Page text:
Year 2 Apprenticeship


Year 2


*Required Books



ICC Residential



ICC Fuel Gas



ICC Mechanical 



Delmar 6th Edition
Refrigeration & AC Technology

(You may have the above books from Year 1)
*Does not include shipping and handling

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Year 2 (150 hours of instruction)

Year 2 Program Learning Objectives:

Year 2

1. The apprentice will demonstrate new knowledge in the subjects of Heat Loads, Indoor Air Quality, Electrical, Blueprints, and Appliance Installation; by earning an overall average score of 75% or higher in the combined year’s curriculum.

2. The apprentice will actively participate in the programs discussion forums, as confirmed by the forum logs and discussion grades, by earning an overall average score of 75% or higher in the combined year’s curriculum.

Intro to Blueprints (24 hours)

  • Introduction

Blueprints are sets of documents that provide detailed information about structures being built and the materials needed for construction.  All blueprints contain standard components such as a title block, border, drawing area, revision block and legend that ensure everyone using the blueprint has the same, accurate information.  Understanding the basics of reading blueprints is a significant skill for all members of the construction trade.  When you have completed this module, you will be able to do the following:
                Recognize and identify basic blueprint terms, components, and symbols.
                Relate information on blueprints to actual locations on the print.
                Recognize different classifications of drawings.
                Interpret and use drawing dimensions.

  • Components of the Blueprint

Civil, Architectural, Structural, Mechanical, Plumbing, Electrical, Computer-Aid Drafting,

  • Scale

Architect’s scale: 3”=1 foot

  • Lines of Construction

Students will be introduced to and know how to read all the basic lines used in blueprints

  • Abbreviations, Symbols, and Keynotes

Students will be introduced to and know how to interpret the basic abbreviations, symbols, and keynotes used in blueprints

  • Using Gridlines to Identify Plan Locations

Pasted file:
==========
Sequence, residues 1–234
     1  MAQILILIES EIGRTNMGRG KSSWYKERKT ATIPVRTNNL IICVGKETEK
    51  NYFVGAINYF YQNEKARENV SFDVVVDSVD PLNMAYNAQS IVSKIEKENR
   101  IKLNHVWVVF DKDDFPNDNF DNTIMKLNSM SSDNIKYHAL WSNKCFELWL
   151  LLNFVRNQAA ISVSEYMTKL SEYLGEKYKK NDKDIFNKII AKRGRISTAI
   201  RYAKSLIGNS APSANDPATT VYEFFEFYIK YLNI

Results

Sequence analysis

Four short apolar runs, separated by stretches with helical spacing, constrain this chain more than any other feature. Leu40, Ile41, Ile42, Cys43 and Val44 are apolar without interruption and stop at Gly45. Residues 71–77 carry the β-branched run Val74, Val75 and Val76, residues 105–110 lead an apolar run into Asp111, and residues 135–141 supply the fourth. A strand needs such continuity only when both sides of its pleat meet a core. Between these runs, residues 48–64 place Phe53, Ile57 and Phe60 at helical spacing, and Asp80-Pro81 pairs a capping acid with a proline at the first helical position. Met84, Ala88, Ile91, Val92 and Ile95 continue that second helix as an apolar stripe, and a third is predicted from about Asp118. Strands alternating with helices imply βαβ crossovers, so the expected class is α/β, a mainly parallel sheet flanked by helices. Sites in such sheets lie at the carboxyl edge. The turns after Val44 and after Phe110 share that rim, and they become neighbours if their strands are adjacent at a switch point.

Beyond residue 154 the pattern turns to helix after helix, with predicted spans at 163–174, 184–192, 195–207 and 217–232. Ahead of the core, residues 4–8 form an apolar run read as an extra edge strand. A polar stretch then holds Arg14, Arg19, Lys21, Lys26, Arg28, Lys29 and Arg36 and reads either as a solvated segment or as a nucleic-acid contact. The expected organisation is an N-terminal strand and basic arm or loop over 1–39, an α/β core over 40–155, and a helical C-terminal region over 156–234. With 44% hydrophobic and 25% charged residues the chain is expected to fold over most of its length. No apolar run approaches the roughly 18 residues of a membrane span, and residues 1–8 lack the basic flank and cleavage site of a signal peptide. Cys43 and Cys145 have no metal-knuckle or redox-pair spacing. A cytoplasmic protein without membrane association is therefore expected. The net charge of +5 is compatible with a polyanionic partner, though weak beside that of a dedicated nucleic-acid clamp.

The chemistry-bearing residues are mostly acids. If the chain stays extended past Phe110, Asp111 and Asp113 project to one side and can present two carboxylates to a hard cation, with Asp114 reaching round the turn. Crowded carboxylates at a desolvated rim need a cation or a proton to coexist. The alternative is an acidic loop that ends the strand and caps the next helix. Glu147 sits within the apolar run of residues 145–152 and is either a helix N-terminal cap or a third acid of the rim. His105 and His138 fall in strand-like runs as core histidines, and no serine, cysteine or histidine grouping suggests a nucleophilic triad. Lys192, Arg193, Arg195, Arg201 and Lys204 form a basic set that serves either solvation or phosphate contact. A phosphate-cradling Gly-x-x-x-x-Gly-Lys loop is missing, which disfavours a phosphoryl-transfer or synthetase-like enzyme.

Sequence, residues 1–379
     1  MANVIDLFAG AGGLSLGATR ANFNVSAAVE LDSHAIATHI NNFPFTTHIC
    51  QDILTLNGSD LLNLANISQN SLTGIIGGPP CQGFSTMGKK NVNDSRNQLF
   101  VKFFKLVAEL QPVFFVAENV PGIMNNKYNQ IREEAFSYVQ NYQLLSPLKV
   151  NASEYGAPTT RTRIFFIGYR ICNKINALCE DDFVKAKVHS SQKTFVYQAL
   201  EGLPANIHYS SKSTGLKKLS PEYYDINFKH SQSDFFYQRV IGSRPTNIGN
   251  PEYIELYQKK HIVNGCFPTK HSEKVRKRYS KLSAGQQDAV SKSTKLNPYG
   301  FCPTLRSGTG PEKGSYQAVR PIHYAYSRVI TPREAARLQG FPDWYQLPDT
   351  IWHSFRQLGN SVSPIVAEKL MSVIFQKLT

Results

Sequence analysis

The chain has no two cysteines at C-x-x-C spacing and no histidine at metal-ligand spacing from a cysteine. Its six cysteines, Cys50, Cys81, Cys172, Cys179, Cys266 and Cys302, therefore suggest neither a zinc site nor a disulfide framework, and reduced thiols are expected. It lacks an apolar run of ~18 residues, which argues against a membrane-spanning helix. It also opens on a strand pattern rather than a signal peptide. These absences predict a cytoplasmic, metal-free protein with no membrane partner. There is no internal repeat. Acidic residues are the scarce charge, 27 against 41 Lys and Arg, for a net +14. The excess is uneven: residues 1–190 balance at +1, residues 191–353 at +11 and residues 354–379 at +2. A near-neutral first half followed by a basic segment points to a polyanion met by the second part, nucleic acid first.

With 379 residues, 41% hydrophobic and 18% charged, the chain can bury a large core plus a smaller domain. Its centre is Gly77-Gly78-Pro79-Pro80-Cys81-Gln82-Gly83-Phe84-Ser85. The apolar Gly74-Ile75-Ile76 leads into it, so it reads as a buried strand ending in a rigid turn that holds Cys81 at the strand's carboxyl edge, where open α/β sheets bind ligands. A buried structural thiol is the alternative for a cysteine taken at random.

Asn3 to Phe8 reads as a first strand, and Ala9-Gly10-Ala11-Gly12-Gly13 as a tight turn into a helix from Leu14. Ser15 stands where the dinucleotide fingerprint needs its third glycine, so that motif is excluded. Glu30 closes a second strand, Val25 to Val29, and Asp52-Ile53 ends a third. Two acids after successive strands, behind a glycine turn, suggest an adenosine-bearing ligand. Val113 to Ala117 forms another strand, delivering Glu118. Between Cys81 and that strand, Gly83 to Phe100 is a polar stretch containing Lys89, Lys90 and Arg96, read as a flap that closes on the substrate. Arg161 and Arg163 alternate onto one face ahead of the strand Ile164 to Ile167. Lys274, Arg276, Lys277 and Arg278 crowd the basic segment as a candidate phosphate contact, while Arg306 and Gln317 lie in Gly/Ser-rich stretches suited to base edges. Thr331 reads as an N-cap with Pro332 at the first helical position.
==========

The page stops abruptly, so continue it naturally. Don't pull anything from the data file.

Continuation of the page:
Students will be introduced to the use of Gridlines on blueprints

  • Dimensions

Students will be introduced to a variety of drawings including Isometric, Orthographic, Schematic, and learn to measure the actual structure to verify the measurements in the blueprints are accurate.

  • Architect’s Ruler

You will obtain an architect’s rule, about 12-13” long.  We will learn the standard measurements in feet, inches, and fractions of an inch.

  • Architect’s Scale Ruler

Attached are some additional directions which should help you figure out how to use an Architect’s Scale Ruler and an assignment to take some readings.  Reading the dimensions and distances on a floor plan or other scale drawing is very important in HVACR installation work as well in doing load calculations to size equipment to a building. This is one skill that can set you apart from other HVACR employees.

Appliance Installation (24 hours)

This section is designed to cover the issues of residential / light commercial HVAC appliance installation. Your overall focus for this section is to study and discuss the requirements that dictate the installation of a typical HVAC appliance with safety for the occupants as the primary objective in addition to efficient and proper operation of the appliance. Additional topics that go with this section are the concepts of professionalism and craftsmanship when doing your job. After all, if you are a professional, the installation of an appliance will be safe and efficient in operation and aesthetically pleasing to the eye.

The four week conference areas are where the action is for this section. Each of them has materials to study and discuss. The content is made up from different sources that include:

  • International Code References
  • Manufacturer’s Installation Instructions
  • Appliance Specification Sheets
  • Good Install Photos
  • Bad Install Photos

Learning Modules cover the following topics:

  • Equipment Installation Instructions
  • International Fuel Gas Code
  • The Good, The Bad, The Ugly
  • Appliance Installation